“If I had to point to a positive it would be that it seems that over the year the market seems to be appreciating that Delta 9’s performance is stronger than our peer group,” Arbuthnot said.
“At the same time I would concede that we do trade at one of the lowest multiples to trailing revenue, earnings, etcetera. We need to show the market that we can grow revenues and earnings over the long term. There’s certainly more work to do.”
For Delta 9, success continues to be about driving topline growth and growing its bottom line to hit a critical mass where it can reach more relevancy from a capital markets standpoint. Arbuthnot believes the inflection point may come when the firm starts to break through the $100 to $200 million market cap range, attracting the interest of institutional investors.
The firm is on pace for revenue of about $50 million this year, according to Arbuthnot. “We have a good sense of how to continue to build organically through acquisitions and retail to build critical mass to a point where, realistically, we can eclipse $100 million in topline revenue and have a hard eye on profitability. At that point, we’ve reached a point where institutional investors can look at that and say, there’s an attractive company, and particularly if we’re undervalued, it can cause a breakout.”
It isn’t just in the hands of Delta 9, though. There are a few headwinds in the cannabis sector right now that could prove to be a boon for the industry at large. One is in the form of consolidation, which many, including Arbuthnot, believe is coming. The CEO plans to be in the acquisition mix.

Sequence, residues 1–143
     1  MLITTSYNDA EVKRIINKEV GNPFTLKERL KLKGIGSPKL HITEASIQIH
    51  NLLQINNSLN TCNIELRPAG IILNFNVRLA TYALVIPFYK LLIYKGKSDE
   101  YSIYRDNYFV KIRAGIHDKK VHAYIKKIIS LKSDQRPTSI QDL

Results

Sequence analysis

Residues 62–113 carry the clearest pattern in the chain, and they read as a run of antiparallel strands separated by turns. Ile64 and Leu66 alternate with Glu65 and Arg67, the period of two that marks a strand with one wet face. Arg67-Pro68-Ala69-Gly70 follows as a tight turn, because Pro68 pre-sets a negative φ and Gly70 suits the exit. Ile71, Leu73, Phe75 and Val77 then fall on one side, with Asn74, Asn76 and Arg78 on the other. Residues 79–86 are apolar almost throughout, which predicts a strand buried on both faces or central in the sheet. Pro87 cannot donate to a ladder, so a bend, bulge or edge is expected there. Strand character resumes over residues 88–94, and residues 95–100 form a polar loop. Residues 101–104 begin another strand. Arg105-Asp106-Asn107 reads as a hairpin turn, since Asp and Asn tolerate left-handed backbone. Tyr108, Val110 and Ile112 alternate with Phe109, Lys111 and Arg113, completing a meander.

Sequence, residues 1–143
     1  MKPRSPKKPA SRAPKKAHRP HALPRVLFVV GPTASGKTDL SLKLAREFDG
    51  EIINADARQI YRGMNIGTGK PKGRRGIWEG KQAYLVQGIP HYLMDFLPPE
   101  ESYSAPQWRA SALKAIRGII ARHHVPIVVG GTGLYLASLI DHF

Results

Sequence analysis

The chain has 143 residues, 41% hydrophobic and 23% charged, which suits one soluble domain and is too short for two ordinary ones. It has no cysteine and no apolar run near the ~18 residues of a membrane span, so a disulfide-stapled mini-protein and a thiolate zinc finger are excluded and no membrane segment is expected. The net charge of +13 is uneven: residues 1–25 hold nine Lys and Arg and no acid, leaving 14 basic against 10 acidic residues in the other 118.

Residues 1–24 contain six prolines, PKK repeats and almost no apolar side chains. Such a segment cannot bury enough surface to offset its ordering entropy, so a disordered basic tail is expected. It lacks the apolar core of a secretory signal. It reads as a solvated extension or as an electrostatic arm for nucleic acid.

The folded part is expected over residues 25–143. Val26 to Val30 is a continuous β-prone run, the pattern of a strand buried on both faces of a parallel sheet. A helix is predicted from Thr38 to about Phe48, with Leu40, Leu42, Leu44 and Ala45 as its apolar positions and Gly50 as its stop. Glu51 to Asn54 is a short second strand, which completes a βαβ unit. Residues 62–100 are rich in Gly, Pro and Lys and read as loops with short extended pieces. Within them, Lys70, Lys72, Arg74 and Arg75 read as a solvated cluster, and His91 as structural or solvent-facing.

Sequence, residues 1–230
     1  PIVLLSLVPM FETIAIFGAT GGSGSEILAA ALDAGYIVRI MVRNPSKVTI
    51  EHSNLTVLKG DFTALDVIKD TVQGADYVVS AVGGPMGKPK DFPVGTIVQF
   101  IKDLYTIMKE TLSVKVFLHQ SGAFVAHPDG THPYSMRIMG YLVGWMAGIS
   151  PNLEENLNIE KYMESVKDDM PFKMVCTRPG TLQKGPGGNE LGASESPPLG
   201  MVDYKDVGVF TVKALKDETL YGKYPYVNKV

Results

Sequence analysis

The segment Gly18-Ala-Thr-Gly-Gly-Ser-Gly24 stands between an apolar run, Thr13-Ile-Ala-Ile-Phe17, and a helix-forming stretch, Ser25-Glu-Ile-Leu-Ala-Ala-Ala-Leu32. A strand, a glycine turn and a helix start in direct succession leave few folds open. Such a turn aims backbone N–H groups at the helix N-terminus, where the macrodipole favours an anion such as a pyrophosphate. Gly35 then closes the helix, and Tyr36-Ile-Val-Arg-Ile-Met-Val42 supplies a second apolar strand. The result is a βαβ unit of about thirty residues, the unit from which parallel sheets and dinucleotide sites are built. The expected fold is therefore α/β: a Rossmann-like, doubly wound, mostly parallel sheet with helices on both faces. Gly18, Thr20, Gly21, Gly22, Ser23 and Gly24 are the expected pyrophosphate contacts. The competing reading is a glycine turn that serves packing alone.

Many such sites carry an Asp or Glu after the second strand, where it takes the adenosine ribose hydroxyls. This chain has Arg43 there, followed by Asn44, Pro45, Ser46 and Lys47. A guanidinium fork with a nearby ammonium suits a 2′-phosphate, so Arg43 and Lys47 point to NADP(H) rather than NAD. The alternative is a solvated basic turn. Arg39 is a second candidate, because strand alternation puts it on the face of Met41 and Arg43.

“Acquisitions will form a part of our expansion strategy,” Arbuthnot said. “There’s more opportunities emerging for consolidation with distressed assets in the market, which poses an opportunity for strong operators.”
US 'green rush'
Another catalyst that could drive momentum is a potential “green rush” in the US, which investors are watching closely now that Kamala Harris is on the ticket with presidential candidate Joe Biden.
Whether there is legalization or not, the US still represents a significant opportunity for Delta 9 as states expand their own legislation, giving the firm opportunities to sell infrastructure and, effectively, expertise.
Arbuthnot believes the US is about to be thrown into expansion mode. “We’ve seen in Canada how quickly the market can move. To the US’s benefit, they’ve seen Canada do it already. We’d look state by state to see where we can invest and where can we plant our flag for a production or retail opportunity. We would definitely move quickly if and when – and I think it’s when – there is a more favourable landscape.”
For now, Canada is keeping the company busy, with plans to open 12 stores in Manitoba, including seven store builds over the next 12 to 24 months. Arbuthnot is not ruling out a retail presence in Ontario but its focus remains on Manitoba, Saskatchewan and Alberta.
The company did, however, sign an agreement with the Ontario Cannabis Store to sell Delta 9 products online. “Bringing our brand into Ontario means we now have our products in front of 60% of the (Canadian) populace,” Arbuthnot explained. “It lays the groundwork to expand our wholesale business into the back half of the year, which is our most profitable sector.”
There are more positive takeaways from this earnings season than anything the industry has seen since legalization, and Delta 9 is emerging as a success story.
“We’re starting to feel an ease – I don’t want to call it a tailwind yet – but there’s definitely more momentum in the market,” Arbuthnot said. “We have a pretty good sense that the Canadian and global cannabis market is here to stay and we’re just looking for our piece of the pie.”